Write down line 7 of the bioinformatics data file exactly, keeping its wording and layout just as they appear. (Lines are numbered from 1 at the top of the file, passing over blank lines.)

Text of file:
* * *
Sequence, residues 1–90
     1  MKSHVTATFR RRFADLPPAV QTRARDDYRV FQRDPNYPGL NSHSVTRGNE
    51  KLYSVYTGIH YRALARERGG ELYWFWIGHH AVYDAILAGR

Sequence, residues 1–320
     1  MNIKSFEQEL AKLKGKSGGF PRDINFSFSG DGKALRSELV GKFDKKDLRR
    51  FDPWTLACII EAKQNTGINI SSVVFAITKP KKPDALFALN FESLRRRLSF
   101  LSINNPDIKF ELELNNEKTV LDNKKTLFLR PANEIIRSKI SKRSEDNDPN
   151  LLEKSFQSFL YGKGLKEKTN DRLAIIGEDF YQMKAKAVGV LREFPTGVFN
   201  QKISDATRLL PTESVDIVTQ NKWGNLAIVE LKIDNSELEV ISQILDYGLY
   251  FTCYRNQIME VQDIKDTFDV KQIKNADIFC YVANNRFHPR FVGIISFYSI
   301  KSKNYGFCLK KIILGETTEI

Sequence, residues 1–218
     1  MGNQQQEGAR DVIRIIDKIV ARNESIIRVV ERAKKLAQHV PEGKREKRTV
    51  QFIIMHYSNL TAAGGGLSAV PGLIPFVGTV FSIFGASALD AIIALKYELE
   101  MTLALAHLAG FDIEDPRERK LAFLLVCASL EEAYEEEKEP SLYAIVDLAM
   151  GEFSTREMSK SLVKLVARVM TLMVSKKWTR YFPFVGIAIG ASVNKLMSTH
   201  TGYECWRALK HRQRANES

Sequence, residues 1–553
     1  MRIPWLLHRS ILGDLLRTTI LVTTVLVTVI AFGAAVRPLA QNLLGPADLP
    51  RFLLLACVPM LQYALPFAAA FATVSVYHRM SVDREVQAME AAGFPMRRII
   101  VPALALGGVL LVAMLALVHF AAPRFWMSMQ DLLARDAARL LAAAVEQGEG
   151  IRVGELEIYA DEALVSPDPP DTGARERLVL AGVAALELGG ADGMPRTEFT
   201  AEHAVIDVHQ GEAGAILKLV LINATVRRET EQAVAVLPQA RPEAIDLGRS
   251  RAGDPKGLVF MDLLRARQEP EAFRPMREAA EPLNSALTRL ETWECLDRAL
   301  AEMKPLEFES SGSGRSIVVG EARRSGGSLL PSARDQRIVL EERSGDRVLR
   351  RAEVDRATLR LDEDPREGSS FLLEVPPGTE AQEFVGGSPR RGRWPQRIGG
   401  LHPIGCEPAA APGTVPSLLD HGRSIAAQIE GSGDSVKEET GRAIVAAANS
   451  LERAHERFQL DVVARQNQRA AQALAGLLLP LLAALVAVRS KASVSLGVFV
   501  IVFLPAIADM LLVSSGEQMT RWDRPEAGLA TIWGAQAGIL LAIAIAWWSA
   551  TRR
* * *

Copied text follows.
   101  LSINNPDIKF ELELNNEKTV LDNKKTLFLR PANEIIRSKI SKRSEDNDPN